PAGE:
The financial scandal that happens by UBS
March 22, 2012
By Sebastian Dubas and Matilda Flour
Several agencies are investigating the handling of a reference rate for hundreds of billions of financial products, Libor. Banks would have kept artificially low so as not to appear vulnerable or make profits
Last Friday it was Credit Suisse. The day before, Deutsche Bank. A week earlier, Societe Generale and Barclays, and shortly before the U.S. Citigroup.
In fine print, often at the end of their annual report, the largest banks in the world eventually officially communicate the scandal Libor. The case hit the interest rate which is the standard in global finance, the Libor, which broke through the denunciation of a member of this agreement, UBS.
Specialists refer to this as "the greatest manipulation of history." Libor, the London Interbank Offer Rate, like Tibor, its equivalent in Tokyo also object of the cartel, is the benchmark for about 350 000 billion of financial products (100 times that manages the Swiss financial center) , as estimated by the British Bankers Association (BBA). There are credit cards, mortgages and floating rate Swiss amount of structured products. The Swiss National Bank uses it to conduct monetary policy.
But these benchmarks have been influenced by major banks, to their advantage. This is what the police suspect the markets in Europe, America, Japan and Switzerland. The Competition Commission (Comco) announced on February 3 the opening of its investigation.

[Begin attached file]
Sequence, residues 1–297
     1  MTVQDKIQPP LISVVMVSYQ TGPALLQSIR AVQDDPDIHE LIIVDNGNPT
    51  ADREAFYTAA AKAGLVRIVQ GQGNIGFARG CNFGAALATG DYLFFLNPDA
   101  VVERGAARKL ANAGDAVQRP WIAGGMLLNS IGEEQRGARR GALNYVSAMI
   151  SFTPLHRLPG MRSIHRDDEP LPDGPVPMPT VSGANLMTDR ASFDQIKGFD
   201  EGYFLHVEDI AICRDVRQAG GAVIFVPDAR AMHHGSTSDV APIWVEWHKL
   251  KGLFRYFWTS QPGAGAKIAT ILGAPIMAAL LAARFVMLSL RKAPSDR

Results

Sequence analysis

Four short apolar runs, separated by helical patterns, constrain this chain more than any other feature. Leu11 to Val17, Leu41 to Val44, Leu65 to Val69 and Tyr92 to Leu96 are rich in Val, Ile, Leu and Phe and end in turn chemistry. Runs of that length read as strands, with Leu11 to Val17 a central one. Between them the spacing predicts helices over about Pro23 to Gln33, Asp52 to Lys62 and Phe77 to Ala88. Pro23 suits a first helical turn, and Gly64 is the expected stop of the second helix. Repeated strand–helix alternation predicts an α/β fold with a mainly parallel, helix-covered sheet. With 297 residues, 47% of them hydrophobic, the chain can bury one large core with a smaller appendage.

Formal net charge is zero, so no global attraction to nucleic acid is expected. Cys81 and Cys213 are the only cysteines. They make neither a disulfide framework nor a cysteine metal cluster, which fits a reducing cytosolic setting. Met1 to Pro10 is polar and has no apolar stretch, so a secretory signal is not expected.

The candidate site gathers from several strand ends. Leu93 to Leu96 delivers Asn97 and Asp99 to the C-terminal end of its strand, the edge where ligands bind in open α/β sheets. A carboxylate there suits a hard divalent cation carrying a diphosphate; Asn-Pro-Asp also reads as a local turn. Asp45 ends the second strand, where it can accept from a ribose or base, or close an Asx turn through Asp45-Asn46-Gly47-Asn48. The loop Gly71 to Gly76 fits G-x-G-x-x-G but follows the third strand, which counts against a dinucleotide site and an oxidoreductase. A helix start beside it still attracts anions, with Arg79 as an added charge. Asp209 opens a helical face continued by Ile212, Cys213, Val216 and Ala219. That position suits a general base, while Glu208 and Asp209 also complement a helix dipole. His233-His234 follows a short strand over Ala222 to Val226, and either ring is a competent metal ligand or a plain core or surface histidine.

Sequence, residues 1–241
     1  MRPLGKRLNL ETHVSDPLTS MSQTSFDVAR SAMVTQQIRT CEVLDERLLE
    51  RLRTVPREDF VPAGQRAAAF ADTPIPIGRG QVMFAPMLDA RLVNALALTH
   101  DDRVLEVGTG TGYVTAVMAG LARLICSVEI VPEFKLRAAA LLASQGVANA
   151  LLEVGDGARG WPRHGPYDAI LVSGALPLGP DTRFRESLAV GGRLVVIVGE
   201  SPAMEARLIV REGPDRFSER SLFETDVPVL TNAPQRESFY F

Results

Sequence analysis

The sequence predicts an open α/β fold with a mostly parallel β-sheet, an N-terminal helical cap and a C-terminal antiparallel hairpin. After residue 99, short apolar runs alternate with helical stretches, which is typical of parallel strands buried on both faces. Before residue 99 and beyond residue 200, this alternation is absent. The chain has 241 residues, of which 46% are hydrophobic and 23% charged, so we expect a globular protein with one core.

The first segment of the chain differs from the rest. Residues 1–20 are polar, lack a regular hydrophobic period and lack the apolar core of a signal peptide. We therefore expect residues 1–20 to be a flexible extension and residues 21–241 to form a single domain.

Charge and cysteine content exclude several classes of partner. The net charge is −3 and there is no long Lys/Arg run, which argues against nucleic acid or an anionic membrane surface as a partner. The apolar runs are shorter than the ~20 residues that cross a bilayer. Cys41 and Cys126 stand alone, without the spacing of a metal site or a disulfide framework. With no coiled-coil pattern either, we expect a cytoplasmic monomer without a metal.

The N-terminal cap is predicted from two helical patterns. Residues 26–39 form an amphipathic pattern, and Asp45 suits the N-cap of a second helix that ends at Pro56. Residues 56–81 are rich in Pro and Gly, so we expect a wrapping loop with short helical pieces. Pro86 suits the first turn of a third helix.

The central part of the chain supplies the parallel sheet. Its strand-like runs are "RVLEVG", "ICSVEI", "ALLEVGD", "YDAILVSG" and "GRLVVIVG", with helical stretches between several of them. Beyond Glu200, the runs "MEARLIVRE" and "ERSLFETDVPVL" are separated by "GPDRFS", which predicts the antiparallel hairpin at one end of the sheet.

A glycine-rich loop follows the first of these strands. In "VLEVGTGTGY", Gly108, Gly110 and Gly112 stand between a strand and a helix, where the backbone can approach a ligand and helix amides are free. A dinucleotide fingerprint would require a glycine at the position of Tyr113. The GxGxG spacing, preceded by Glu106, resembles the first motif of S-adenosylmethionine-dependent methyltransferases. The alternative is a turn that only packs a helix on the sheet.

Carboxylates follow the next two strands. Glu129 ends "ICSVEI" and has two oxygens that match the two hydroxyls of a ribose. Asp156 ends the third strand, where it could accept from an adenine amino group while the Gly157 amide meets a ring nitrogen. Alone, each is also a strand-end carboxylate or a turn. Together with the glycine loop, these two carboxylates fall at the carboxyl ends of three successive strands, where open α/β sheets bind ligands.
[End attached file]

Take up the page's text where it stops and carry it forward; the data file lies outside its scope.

Who denounced the agreement? The answer is on page 83 of UBS's quarterly report published on February 9. It reads: "UBS has received conditional immunity from authorities in several jurisdictions [...] regarding possible violations of antitrust or competition, in connection" with Libor and Tibor. Since then, Citigroup and Barclays have followed it, each hoping to limit possible fines.
These three institutions are part of a group of eighteen leading international banks providing every morning to the BBA the interest rate which they believe they can borrow from their counterparts in several installments and in multiple currencies (see below). They are suspected of having agreed to keep rates artificially low between 2007 and 2011. Its report covers not only the giants of international finance but also smaller institutions and hedge funds that would have been in the know.
The first suspicions of manipulation actually date back to the beginnings of the financial crisis. At a meeting of the Bank of England in November 2007, some experts are intrigued at the Libor rate "suspiciously low". Banks on the brink of bankruptcy and financial sector weighed down by the discovery of toxic products related to "subprime" should, in their opinion, logically lead to lower borrowing costs much higher.
A few months later, in April 2008, the Wall Street Journal wonders. The U.S. newspaper notes that the Libor rate remains oddly stable while many health indicators of the international financial system are deteriorating day by day. This is particularly the case of insurance contracts against default of a bank, whose prices are exploding. An analyst with Citigroup appears to have been dismissed in 2008 because he had publicly asked "The Libor is broken?" We read in a complaint.